The defense likewise did a good job highlighting where the government’s evidence was light and where the witnesses testimony was specifically deficient or contradicted. Their toughest task was to poke holes in Kathy Hoskins’ story about seeing Bonds injected. They tried, but observers in the courtroom thought her credible when she testified and weren’t particularly impressed with the defense’s handling of her testimony in closing arguments.  Unless the jury decides that Bonds’ lie about injections was immaterial — and given how small and silly it seems compared to the other charges which themselves seem rather minor in the grand scheme, it’s entirely possible they could decide that — there’s a good chance Bonds gets nailed on that charge. If he doesn’t, it will be because of the jury’s disdain for the prosecution’s case as a whole, not because of the actual evidence at trial.

And with that, it’s in the jury’s hands. They will deliberate today. We’ll certainly have a reaction when they reach a verdict.

  1. manute - Apr 8, 2011 at 8:49 AM

    Nice. After that concise summary, I have to question why I let this Fairaru-Wada fellow clog my Twitter feed for the last 2 weeks. I mean, I spent a solid afternoon reading about shrunken balls…

    • jkcalhoun - Apr 8, 2011 at 10:02 AM

      Console yourself with a reminder that it’s not all about shrunken testicles; it’s about sending the priceless message that lying to a grand jury will not be tolerated under any circumstances even if you are rich and famous, so always be sure to lie only about those things that don’t interest prosecutors, such as war, taxes, health, education, power, diplomacy, weapons of mass destruction, death panels, and financial instruments.

      This message brought to you courtesy of your tax dollars.

      • clydeserra - Apr 8, 2011 at 10:07 AM

        good call on the materiality

      • jkcalhoun - Apr 8, 2011 at 10:15 AM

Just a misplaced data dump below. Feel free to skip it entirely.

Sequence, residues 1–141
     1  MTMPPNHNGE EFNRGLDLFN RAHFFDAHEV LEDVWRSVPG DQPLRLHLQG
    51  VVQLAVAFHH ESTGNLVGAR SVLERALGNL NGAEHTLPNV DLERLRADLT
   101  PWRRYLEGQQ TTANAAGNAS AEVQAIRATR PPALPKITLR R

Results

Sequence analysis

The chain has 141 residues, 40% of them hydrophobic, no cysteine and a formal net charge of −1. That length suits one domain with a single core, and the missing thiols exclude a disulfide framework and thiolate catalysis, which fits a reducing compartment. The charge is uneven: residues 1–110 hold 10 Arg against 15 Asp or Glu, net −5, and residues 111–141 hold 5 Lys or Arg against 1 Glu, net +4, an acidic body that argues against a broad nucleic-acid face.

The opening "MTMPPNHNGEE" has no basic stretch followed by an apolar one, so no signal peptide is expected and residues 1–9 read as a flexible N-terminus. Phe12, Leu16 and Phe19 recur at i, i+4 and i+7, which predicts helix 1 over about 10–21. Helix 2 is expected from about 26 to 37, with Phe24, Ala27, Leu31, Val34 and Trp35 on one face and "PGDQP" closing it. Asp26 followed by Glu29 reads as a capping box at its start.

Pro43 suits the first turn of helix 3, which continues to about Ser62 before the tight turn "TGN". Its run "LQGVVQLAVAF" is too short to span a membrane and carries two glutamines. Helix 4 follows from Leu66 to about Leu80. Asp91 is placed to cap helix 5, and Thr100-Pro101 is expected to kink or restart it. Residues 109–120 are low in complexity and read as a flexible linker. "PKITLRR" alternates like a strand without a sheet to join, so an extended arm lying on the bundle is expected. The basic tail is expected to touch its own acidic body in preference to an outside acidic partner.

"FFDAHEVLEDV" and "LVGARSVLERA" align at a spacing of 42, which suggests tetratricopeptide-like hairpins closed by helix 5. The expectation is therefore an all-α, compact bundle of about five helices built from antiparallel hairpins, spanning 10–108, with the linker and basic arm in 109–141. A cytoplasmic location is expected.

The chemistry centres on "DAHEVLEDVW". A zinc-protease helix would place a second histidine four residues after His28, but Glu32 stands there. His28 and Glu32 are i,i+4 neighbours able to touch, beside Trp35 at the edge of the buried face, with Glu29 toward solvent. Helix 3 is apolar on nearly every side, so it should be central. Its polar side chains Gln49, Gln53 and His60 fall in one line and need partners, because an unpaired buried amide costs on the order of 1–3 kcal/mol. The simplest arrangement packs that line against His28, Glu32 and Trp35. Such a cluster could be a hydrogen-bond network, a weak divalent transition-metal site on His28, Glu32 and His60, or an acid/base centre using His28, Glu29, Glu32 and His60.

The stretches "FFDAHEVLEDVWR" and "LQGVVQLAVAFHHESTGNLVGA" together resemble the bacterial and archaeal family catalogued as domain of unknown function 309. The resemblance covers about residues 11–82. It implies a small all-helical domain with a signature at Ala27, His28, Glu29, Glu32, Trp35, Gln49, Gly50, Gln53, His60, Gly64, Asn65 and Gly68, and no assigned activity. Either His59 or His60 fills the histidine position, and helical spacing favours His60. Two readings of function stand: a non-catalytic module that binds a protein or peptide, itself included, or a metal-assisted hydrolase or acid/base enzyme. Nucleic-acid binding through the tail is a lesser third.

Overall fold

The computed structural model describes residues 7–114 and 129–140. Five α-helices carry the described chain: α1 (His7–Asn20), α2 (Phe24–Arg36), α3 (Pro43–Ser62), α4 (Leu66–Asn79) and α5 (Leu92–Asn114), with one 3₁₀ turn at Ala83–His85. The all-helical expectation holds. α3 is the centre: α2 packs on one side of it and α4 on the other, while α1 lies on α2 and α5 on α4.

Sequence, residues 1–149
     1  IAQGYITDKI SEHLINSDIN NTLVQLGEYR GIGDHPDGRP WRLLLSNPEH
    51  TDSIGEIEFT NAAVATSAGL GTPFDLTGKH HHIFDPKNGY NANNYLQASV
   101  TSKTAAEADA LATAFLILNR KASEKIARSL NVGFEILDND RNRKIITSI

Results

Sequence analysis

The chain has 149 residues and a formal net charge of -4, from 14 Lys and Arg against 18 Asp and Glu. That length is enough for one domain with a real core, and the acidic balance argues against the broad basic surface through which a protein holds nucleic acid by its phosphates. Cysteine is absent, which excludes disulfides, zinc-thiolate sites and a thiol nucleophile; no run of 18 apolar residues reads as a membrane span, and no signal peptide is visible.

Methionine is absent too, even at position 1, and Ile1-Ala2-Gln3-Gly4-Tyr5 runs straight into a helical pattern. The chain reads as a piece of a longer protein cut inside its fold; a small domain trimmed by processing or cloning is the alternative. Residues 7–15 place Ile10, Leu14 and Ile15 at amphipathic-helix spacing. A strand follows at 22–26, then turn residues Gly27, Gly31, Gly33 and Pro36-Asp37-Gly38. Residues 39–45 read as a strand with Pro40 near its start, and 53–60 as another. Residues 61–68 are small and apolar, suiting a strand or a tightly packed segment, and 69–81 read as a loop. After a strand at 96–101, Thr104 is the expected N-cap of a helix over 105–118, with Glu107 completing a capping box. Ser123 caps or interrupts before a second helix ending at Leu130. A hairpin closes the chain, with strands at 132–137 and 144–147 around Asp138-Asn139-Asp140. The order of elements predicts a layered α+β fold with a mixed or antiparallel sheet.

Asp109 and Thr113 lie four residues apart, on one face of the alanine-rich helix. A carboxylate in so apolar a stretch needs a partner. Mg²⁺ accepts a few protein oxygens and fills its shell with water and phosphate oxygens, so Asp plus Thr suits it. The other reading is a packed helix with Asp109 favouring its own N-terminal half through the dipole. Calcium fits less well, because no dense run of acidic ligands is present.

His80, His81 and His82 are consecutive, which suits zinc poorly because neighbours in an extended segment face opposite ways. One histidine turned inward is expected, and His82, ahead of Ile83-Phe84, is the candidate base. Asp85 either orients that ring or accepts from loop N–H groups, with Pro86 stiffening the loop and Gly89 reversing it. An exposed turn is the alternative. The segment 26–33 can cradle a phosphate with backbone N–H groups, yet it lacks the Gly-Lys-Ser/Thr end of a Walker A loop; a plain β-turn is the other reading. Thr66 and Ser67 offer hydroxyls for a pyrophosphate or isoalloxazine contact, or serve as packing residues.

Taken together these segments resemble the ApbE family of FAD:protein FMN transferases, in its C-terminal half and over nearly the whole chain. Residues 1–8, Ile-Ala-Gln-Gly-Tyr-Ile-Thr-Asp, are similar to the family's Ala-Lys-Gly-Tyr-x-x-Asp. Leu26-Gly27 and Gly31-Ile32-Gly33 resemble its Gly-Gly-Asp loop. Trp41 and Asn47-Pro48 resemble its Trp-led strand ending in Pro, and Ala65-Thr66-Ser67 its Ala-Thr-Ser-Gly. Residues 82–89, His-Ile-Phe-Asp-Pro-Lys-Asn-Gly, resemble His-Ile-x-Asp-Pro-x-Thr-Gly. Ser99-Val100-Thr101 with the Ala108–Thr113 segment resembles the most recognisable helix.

Saw your message on that and replied yesterday. Materiality is a part of the indictment, so it has to be something the defense goes after. I just wasn’t sure where it came into evidence in this case or even how it is typically evaluated in a perjury trial. Craig covered it all today, though. Thanks, Craig.

  2. clydeserra - Apr 8, 2011 at 10:09 AM

    If there is a Government shut down, do the juroes deliberate?

    • Craig Calcaterra - Apr 8, 2011 at 10:14 AM

      Almost certain that they do. The court system is deemed “essential” under the shutdown rules.

  3. The Dangerous Mabry - Apr 8, 2011 at 11:06 AM

    I’d love to be a fly on the wall in the jury room. I want to know which juror is first to say “Are we really wasting our %@*^*@^ time on this? Seriously?”

    Because while you need to do your civic duty, you don’t need to be happy about it.

  4. gmsingh - Apr 8, 2011 at 12:08 PM

    Maybe, because of his shrunken testicles, he didn’t have the balls to tell the truth.

  5. lithvak - Apr 8, 2011 at 2:48 PM

    who thinks he’s going to jail ?

  6. sportznutindiana - Apr 8, 2011 at 3:04 PM

    Barry Bonds should be sitting in jail… right next to Roger Clemens. I’d like to get his address to send him some soap-on-a-rope. If you or I lied to the Grand Jury… we’d be spending years in the slammer… as he should as well. His team mates hated him… the press hated him… his own fans didn’t “like” him… but tolerated him because he was smashing home runs. His childhood buddy and HGH provider should still be sitting in jail as well. Do they really think that we are that stupid that we can’t read between the lines? HAHAHAHA Barry!! All of your millions ain’t gonna save you now!!!

    • rapmusicmademedoit - Apr 8, 2011 at 8:17 PM

      Dude, relax, get a grip.